where $\tau $ is the serial interval, and ${\alpha}_{1}$ , ${\alpha}_{2}$ are the infection times. The notations are further presented together with the definitions in Figure 1. As is shown in Equation (1), the two distributions $\left(h\left({\tau}_{i},{\tau}_{g}\right),l\left({\tau}_{i2}\right)\right)$ depend on the relative infection times of both the infector and the infectee (α_{1} and α_{2}). Although the exact time of infection is typically unknown, a possible exposure time window is provided in many cases. To compensate for the lack of information, the model integrates over all possible combinations of infector and infectee exposure times when estimating the parameters of the distribution from the observed serial intervals of the transmission pairs:
Most previous analyses of the serialinterval distributions of COVID19 have relied on this model, which assumes a constant force of infection (i.e., the per capita rate at which susceptible individuals become infected). However, in the beginning of an epidemic, the number of infections (and therefore the force of infection) increases exponentially, creating a specific ‘backward’ bias. When the force of infection is increasing exponentially, a cohort of infectors that developed symptoms at the same time is more likely to have been infected recently and thus to have shorter incubation periods, on average, than their infectees. Infectors with short incubation periods will also have short generation intervals due to their correlations, meaning that individuals who transmit early after infection are overrepresented. It is important to correct for this bias by adding a factor ${e}^{r{\alpha}_{1}}$ (Park et al., 2021):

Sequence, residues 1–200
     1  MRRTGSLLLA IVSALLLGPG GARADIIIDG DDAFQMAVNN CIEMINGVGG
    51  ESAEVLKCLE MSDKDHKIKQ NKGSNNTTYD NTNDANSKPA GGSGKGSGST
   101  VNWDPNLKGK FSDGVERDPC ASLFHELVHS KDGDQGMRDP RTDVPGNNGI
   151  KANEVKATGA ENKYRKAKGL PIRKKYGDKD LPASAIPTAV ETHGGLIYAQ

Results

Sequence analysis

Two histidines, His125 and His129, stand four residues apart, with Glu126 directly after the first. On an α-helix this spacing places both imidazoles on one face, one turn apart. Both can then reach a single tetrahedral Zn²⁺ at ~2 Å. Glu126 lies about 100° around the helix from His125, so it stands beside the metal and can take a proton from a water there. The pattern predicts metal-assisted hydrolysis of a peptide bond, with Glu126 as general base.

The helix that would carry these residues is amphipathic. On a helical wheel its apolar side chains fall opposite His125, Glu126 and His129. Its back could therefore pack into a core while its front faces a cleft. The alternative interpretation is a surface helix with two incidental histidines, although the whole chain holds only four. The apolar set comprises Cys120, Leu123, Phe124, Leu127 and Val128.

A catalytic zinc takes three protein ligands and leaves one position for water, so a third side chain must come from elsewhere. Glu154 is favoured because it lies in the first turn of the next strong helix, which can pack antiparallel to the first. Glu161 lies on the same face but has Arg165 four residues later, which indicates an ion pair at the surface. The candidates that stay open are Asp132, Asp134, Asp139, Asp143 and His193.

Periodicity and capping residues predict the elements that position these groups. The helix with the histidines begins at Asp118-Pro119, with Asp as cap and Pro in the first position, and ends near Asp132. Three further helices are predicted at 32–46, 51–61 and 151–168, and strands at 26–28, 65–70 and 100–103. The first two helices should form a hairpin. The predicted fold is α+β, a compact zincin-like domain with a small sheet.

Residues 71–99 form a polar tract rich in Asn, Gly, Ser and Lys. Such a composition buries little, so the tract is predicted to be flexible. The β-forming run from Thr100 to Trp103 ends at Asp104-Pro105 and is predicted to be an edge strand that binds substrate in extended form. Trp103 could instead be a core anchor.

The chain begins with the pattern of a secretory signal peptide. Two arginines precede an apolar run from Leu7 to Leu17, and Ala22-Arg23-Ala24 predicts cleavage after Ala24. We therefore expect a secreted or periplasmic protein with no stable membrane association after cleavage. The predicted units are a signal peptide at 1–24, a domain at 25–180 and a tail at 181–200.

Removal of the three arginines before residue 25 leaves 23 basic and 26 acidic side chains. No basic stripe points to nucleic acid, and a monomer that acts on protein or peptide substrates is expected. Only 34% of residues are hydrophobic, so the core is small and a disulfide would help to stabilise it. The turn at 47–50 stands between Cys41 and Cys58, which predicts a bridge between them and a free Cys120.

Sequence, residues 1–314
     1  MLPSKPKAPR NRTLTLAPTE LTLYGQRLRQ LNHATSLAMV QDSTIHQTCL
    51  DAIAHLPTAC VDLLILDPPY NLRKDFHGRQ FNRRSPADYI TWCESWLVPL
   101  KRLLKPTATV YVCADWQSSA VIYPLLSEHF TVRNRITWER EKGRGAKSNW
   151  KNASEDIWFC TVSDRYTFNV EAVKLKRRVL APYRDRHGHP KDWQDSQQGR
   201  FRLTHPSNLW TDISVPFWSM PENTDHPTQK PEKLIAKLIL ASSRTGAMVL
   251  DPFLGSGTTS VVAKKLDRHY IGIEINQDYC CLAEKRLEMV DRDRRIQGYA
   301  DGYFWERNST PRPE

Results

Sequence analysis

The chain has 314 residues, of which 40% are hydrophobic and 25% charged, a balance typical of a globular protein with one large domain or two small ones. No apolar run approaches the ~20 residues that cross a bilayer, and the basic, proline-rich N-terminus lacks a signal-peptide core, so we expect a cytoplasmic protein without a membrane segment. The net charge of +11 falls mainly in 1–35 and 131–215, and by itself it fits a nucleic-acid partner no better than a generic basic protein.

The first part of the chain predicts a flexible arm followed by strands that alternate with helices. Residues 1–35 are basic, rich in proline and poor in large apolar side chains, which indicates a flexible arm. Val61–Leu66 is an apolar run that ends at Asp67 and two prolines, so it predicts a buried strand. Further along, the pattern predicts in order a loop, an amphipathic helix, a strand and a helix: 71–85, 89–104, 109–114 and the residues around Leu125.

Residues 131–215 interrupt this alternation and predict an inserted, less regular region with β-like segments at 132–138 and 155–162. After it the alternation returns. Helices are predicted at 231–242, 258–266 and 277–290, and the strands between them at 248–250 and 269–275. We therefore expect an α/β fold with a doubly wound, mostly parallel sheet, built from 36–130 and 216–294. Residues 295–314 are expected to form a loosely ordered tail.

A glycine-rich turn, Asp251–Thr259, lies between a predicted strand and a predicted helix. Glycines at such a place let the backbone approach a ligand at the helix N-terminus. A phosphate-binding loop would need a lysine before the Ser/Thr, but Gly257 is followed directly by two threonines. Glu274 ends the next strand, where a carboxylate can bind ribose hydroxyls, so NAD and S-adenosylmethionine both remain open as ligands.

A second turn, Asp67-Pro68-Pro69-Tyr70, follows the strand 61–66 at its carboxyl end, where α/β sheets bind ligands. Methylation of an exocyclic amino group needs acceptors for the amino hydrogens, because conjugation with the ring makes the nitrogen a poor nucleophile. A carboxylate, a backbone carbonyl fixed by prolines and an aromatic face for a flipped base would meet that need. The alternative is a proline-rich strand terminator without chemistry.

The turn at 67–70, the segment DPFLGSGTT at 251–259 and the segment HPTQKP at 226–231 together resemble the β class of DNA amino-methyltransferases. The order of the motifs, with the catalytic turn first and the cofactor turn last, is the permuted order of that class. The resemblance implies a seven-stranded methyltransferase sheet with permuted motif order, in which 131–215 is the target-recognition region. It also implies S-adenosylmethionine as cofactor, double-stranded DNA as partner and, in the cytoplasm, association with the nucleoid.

Incubation period distribution and growth rate assumptions
We used the incubation period distribution provided by a metaanalysis, which reviewed and aggregated 72 studies, as they likely represent bestavailable estimates for the wild type (Xin et al., 2021). In their metaanalysis, Xin et al., 2021, found an increase of the incubation period following the introduction of interventions in China, matching the theoretical framework shown above. Their inferred incubation period distribution includes a correction for the growth rate of the early spread, accordingly.
The daily growth rates in the early outbreak period in Wuhan in particular and in the rest of China were estimated by another study (Tsang et al., 2020) to be r=0.08 day^{–1} and r=0.10 day^{–1} , respectively. In our main analysis, we used the growth rate measured for mainland China (r=0.10 day^{–1}), taken as a mean growth rate representing the dynamic of the early outbreak relevant for most of the transmission pairs. We further present a sensitivity analysis for this parameter (see Results section). We note that daily growth rate estimates of 0.08–0.10 day^{–1} are lower than previous estimates in the range of 0.17–0.3 day^{–1} (Kamalich et al., 2020a; Park et al., 2020) due to case ascertainment corrections (Park et al., 2020). For the functional form of $h$, we used a bivariate lognormal distribution. Parameters for the incubation period were taken from the metaanalysis (Xin et al., 2021) leaving three free parameters: the shape and the scale of the lognormal distribution defining the generationinterval univariate distribution, and a correlation parameter (defined as the correlation between the logged incubation period and the logged generation interval). In order to test the sensitivity of our results to the choice of a lognormal distribution, we also considered the alternative form used in Ferretti et al., 2020a in Appendix 1—figure 6.